??? I think it is fairly clear that with the necessary privs, I can request a 
TCP/IP socket on any port (other than 0) and then bind a TLS provider to it.


The point I am making is that the fact the subscriber might use the certificate 
on port 8443 or for that matter on any port in the range [1,65535] does not 
mean that the validation process should allow other ports.


I currently have >40 TCP/IP sockets open on this Windows box and two thirds of 
them have https on them. And that is just my development environment. I suspect 
most of them are due to Docker or the Linux VMs.



More importantly though, how many validation approaches do we need? I would 
rather work on reducing them rather than increasing them further.


In particular, I would like CAA to become a one stop shop for telling CAs what 
they need to issue a cert. For example:


example.com.   IN          CAA       0 issue "comodoca.com"

example.com.   IN          CAA       128 udf 


The above record would prevent a CA from issuing a cert unless they understand 
the semantics of the UDF record. So this is the only validation approach 


The UDF record requires that any cert request be signed or countersigned 
according to a security policy that has the UDF fingerprint 


These are described here.





From: Ryan Sleevi [mailto:sle...@google.com] 
Sent: Friday, March 2, 2018 10:52 AM
To: Phillip <phill...@comodo.com>; CA/Browser Forum Public Discussion List 
Cc: Paul Hoffman <paul.hoff...@icann.org>; Ben Wilson <ben.wil...@digicert.com>
Subject: Re: [cabfpub] [Ext] BR Authorized Ports, add 8443




On Fri, Mar 2, 2018 at 10:35 AM, Phillip via Public <public@cabforum.org 
<mailto:public@cabforum.org> > wrote:

To clarify what Paul said,

We need to distinguish between the use of a port for certificate validation
and the use of a port for delivery of an Internet service. The fact that we
use SSL on every port to provide a service does not mean that we should
allow that use for validation.


On what basis do you make this claim? I see no justification for the 
distinction, nor support for the 'fact'.


I do think we should consider adding a DNS prefix for certificate validation
though because ports are the old way to advertise services and does not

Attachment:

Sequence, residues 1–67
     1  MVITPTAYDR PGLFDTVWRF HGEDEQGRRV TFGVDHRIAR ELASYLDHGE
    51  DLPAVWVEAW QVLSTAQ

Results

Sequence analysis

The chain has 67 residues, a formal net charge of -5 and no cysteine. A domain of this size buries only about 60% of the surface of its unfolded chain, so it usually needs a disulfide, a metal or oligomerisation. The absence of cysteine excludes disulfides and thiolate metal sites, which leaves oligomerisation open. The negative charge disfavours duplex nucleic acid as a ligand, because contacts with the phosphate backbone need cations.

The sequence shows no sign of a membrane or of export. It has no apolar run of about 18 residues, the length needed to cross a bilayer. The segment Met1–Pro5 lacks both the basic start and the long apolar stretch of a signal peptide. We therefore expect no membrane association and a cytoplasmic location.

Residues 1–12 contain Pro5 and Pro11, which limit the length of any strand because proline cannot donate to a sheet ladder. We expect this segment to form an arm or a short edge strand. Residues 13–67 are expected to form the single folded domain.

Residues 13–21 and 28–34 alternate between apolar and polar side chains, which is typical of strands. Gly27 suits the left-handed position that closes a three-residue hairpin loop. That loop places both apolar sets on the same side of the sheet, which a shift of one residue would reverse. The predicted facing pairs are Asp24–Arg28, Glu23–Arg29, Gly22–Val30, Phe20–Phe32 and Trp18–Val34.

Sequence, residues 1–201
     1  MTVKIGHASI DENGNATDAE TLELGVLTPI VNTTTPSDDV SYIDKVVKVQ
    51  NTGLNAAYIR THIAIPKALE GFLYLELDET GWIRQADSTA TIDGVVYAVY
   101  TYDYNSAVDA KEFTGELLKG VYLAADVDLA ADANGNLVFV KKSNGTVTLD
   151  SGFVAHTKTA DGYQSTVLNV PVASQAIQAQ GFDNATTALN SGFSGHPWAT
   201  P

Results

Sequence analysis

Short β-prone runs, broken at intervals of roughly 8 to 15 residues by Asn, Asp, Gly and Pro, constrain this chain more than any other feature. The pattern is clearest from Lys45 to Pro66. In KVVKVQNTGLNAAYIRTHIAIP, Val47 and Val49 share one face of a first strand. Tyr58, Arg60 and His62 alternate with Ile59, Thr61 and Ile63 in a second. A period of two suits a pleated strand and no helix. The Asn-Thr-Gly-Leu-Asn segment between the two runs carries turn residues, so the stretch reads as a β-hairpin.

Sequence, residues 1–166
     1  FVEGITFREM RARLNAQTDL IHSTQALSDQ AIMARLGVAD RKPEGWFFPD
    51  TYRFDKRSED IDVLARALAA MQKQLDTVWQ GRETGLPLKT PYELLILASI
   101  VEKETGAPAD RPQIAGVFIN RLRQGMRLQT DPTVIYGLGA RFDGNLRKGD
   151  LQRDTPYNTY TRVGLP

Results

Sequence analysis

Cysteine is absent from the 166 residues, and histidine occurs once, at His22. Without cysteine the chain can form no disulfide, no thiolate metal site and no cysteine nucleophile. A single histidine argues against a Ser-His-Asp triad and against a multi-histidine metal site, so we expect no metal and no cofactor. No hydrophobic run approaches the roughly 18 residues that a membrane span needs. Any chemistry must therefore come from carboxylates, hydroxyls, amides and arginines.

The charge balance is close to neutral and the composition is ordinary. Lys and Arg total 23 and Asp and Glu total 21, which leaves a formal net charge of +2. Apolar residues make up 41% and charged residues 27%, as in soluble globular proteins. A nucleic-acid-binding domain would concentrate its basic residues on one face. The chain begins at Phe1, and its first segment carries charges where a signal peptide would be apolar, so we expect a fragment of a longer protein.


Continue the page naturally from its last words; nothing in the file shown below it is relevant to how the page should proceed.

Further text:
scale. We ran out of ports a long time ago and now use DNS prefixes and
.well-known HTTP services to extend the port numbers.

-----Original Message-----
From: Public [mailto:public-boun...@cabforum.org 
<mailto:public-boun...@cabforum.org> ] On Behalf Of Paul Hoffman
via Public
Sent: Friday, March 2, 2018 10:08 AM
To: Ben Wilson <ben.wil...@digicert.com <mailto:ben.wil...@digicert.com> >; 
CA/Browser Forum Public Discussion
List <public@cabforum.org <mailto:public@cabforum.org> >

Subject: Re: [cabfpub] [Ext] BR Authorized Ports, add 8443

On Mar 1, 2018, at 7:51 AM, Ben Wilson via Public <public@cabforum.org 
<mailto:public@cabforum.org> >
> Forwarding from Richard Wang:
> The current BRs say:
> Authorized Ports: One of the following ports: 80 (http), 443 (http), 25
(smtp), 22 (ssh).
> But many internal networks use the port 8443, broadly used in Apache
server, today, one of our customers uses this port and can't change to use
another port, I wish you can help to add this port 8443 to be allowed in the
BRs, thanks.

It appears that the BRs currently are talking about authorizing *services*,
not ports. That is, I would not expect to be able to put a HTTP server on
port 22 on my system and have that considered authorized by the BRs.

Any Internet service can be run on any port. Every web, SMTP, and SSH server
software configuration allows you to run on the standard ports or any port
you choose.

Two suggestions:

- Clarify the BRs to say "Authorized Services and Ports"

- Add text that says only the authorized ports may be used

If CABF folks want to allow issuance of certificates for services on ports
other than the standard ports, you will have to decide what it means to
initially offer a service on one part and then move it to another port. The
PKIX standard does not allow encoding of port numbers for services in

--Paul Hoffman
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